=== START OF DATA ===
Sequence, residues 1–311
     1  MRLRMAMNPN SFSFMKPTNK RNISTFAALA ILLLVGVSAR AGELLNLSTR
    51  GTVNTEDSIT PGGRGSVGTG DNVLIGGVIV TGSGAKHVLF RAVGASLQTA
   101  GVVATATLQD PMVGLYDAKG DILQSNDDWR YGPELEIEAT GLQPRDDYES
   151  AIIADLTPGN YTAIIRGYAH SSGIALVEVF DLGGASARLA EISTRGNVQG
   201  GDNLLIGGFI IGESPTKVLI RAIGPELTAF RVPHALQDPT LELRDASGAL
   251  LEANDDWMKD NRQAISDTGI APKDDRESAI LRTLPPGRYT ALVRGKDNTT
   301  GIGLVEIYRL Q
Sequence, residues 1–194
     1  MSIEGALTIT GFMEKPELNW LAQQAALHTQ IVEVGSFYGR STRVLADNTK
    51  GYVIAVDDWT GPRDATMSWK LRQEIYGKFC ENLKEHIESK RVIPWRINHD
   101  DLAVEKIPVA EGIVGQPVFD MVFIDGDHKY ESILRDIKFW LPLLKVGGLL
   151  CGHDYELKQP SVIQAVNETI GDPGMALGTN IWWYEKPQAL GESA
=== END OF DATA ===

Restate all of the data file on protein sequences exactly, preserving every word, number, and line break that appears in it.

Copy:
Sequence, residues 1–311
     1  MRLRMAMNPN SFSFMKPTNK RNISTFAALA ILLLVGVSAR AGELLNLSTR
    51  GTVNTEDSIT PGGRGSVGTG DNVLIGGVIV TGSGAKHVLF RAVGASLQTA
   101  GVVATATLQD PMVGLYDAKG DILQSNDDWR YGPELEIEAT GLQPRDDYES
   151  AIIADLTPGN YTAIIRGYAH SSGIALVEVF DLGGASARLA EISTRGNVQG
   201  GDNLLIGGFI IGESPTKVLI RAIGPELTAF RVPHALQDPT LELRDASGAL
   251  LEANDDWMKD NRQAISDTGI APKDDRESAI LRTLPPGRYT ALVRGKDNTT
   301  GIGLVEIYRL Q
Sequence, residues 1–194
     1  MSIEGALTIT GFMEKPELNW LAQQAALHTQ IVEVGSFYGR STRVLADNTK
    51  GYVIAVDDWT GPRDATMSWK LRQEIYGKFC ENLKEHIESK RVIPWRINHD
   101  DLAVEKIPVA EGIVGQPVFD MVFIDGDHKY ESILRDIKFW LPLLKVGGLL
   151  CGHDYELKQP SVIQAVNETI GDPGMALGTN IWWYEKPQAL GESA